From Fanny in France
Why do you think there's no famous and really good guitar woman in music world? Are we inable to make really good solos? Is it a matter of strength? And have you ever played guitar with women?
First of all, there are some famous and really good women guitarists. I played on an album with Liona Boyd, and she is one of them. I think for rock guitar that a certain amount of physical aggression is helpful, such as for bending and shaking strings. Coordination is the same for men or women, and creativity is equal, but with different viewpoints, usually. Maybe women are smarter and don't think it's such a great career?! Seriously, not every woman would want to put up with all the rejection and extremely humble opportunities that most of us find when we start trying to make a career of it. Guys may be more wired for that kind of rejection after having to try to get dates with women........
From Claire in England
Do you ever feel like you want to pack it all up, music-wise ? If so, what stops you & how do you keep yourself going? Also what is your favourite song/album of all time?
I have packed it up, twice, in the 80's. But not to quit music, just to quit the business part of it. I learned that every business (heavy equipment owner/operator, and airline pilot) has it's bad points, and I came back with a better outlook. I keep myself going because it's still fun and exciting to get up and play, really! My favorite album of all time is "The Well Tempered Synthesizer" by Walter Carlos (who later became Wendy Carlos!)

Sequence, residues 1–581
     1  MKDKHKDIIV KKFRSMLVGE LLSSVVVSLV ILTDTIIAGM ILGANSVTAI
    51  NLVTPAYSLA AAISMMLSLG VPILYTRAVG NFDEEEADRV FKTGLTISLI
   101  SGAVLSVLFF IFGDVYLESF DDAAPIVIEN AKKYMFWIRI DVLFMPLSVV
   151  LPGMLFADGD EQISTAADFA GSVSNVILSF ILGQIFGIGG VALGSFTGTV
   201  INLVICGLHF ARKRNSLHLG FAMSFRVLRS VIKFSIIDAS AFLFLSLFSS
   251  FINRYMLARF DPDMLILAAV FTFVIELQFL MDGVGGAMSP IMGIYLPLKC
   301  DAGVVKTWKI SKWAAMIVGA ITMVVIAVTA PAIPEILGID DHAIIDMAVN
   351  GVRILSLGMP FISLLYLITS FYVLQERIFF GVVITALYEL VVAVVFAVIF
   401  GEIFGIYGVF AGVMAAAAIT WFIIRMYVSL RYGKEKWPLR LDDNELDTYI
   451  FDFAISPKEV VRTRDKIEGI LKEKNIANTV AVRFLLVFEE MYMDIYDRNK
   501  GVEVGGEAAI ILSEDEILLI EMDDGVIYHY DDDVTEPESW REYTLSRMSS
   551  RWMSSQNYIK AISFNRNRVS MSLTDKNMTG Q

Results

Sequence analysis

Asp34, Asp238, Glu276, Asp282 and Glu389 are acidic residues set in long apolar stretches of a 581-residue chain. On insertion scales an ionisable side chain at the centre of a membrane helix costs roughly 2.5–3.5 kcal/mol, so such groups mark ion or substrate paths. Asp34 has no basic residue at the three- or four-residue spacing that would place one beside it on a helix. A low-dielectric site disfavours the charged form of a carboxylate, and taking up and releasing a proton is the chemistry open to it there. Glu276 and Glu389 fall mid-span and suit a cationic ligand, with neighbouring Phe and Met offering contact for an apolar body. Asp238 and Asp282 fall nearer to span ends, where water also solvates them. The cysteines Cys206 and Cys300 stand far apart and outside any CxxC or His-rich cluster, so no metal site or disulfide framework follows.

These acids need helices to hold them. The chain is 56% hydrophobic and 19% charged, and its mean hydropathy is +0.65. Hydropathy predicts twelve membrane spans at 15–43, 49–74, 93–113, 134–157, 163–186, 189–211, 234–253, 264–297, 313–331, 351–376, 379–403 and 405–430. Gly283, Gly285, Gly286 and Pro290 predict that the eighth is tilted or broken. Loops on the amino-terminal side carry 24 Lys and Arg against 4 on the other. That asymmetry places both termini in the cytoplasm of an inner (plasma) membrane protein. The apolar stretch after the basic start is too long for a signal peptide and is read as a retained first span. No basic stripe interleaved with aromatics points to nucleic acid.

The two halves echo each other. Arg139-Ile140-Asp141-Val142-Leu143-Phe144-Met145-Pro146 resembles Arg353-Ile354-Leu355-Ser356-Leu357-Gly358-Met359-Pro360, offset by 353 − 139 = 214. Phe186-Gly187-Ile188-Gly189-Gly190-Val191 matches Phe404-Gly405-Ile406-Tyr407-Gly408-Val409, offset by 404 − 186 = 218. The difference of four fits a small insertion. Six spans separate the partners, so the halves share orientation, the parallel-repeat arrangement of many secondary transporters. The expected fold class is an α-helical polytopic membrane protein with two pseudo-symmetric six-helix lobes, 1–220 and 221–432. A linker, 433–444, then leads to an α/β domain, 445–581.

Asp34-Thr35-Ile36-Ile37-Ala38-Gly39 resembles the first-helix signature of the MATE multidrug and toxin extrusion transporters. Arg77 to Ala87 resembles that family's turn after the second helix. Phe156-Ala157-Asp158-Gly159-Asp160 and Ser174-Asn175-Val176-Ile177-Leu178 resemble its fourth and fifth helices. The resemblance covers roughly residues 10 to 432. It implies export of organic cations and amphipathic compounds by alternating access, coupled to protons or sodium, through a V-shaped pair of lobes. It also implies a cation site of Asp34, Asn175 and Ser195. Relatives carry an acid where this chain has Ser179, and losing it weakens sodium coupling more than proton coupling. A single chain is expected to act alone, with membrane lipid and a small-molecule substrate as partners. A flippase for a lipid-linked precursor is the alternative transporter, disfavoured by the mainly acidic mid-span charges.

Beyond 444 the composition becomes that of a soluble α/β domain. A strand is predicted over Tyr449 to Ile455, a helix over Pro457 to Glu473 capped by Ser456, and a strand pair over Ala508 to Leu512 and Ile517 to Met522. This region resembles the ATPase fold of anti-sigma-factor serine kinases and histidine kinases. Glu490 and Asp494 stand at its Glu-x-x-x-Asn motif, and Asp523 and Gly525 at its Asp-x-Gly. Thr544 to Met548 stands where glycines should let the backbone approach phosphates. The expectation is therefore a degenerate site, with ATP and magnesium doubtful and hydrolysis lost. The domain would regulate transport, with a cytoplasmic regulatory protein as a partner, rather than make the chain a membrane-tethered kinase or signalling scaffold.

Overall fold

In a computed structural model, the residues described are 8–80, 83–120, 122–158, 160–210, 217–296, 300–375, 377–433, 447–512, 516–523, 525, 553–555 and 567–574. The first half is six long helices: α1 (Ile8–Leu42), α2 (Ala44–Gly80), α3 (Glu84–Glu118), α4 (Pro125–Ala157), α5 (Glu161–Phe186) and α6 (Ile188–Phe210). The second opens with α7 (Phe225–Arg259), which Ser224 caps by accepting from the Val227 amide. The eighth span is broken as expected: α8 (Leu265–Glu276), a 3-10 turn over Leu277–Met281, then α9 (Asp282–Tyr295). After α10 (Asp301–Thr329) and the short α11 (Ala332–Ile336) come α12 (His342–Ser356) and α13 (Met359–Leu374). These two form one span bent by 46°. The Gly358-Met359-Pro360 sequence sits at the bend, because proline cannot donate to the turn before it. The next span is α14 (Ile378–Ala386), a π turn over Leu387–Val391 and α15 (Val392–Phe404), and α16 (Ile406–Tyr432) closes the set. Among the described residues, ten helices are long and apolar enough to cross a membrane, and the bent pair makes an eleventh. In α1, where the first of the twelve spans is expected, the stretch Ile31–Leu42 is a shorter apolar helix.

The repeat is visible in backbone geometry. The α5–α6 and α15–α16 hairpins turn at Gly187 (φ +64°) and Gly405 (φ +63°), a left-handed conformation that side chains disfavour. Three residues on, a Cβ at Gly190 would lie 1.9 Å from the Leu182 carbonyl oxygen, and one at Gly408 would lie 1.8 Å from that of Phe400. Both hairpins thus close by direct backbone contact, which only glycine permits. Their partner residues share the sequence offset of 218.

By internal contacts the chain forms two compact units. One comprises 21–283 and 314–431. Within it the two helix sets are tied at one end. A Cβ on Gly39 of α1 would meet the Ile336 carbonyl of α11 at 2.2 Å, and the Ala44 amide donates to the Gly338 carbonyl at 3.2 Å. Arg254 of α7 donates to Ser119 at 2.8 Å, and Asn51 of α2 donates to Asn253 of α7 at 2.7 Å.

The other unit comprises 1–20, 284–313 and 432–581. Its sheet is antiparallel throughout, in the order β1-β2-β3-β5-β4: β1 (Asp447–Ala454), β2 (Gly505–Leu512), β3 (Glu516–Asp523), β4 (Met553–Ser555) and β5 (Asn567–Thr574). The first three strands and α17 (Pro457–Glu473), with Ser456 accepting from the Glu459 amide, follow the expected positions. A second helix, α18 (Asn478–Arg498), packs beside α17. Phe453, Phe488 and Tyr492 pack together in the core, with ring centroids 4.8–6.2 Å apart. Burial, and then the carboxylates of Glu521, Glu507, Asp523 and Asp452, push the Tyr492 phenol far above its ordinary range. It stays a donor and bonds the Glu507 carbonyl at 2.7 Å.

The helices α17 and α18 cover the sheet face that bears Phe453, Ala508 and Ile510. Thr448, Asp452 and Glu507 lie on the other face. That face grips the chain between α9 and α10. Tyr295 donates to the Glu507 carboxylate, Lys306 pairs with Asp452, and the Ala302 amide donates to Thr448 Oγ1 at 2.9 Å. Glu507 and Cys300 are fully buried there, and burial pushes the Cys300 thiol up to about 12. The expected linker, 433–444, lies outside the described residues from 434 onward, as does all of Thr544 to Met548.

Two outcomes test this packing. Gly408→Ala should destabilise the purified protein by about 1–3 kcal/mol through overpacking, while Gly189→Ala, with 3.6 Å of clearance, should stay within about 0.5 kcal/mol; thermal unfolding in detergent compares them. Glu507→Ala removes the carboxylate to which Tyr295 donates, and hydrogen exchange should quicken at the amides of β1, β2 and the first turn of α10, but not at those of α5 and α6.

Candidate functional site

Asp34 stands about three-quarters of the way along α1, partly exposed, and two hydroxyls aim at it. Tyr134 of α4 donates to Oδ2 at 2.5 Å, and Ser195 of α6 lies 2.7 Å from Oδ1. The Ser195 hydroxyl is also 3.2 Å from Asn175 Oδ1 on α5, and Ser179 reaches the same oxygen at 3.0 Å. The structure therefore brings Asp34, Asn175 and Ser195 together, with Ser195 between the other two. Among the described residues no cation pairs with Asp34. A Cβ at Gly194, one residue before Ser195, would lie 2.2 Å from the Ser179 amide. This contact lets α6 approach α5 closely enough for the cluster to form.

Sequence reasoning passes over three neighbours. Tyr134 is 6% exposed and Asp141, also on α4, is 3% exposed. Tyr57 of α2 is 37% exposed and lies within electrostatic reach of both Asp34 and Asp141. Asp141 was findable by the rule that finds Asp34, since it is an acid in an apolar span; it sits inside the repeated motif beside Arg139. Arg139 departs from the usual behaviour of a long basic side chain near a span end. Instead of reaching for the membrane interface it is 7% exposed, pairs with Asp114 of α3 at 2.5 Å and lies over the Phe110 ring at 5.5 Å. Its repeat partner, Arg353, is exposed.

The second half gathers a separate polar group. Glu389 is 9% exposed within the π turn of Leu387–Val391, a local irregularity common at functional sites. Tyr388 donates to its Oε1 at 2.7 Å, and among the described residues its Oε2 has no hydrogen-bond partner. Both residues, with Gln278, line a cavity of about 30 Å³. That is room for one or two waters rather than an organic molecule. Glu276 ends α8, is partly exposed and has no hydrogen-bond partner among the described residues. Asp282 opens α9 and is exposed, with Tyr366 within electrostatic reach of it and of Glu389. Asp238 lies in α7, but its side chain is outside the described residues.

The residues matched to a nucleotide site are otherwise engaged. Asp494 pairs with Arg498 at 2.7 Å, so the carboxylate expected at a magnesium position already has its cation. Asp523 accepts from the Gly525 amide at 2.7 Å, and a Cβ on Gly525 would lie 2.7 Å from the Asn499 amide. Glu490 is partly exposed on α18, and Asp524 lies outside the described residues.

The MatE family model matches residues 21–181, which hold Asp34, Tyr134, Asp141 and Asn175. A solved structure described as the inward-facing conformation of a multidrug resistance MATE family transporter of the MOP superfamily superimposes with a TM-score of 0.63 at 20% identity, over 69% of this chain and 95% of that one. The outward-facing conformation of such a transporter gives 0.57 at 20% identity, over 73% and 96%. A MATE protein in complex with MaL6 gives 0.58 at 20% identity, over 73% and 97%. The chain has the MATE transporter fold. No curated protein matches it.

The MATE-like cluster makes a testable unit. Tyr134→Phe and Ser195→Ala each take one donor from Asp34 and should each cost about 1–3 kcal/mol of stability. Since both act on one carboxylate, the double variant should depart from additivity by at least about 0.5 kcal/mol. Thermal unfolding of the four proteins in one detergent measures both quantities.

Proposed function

From Wolfgang in Germany
I've got some questions about practicing. On the Power Lines Video you said according to Tumeni Notes: "Play it fast when you're ready to play it fast". Does this mean that once I have reached a fast level it's no longer necessary to practice slowly? In other words: Do you still practice slowly? And if you do so, do you only practice new parts slowly or is there something like a never ending need to practice lines slowly, even the ones you know well and played many times before, in order to stay capable of playing them fast?
Steve, thanks for the music you created. Every note you have composed shows that you do what you love.
Once you can play a certain speed perfectly accurately, you don't really need to play those things slowly very often. However, in my experience, most people don't hear all their little mistakes, and the cure is to still play slowly enough to be perfect, then speed it up, even after the part is learned. For performance, you don't have that luxury, you simply must play it the best you can, but for practice, play it perfectly several times, then play it fast once. Most people that don't ever dissect their parts slowly develop habitual flaws that are hidden by the chaos, but certainly discernable to the critical ear. Lots of pros have those technical flaws and simply work around them. But others go to their room after a show and practice those parts that they instinctively feel were sloppy..............whether or not anybody noticed.
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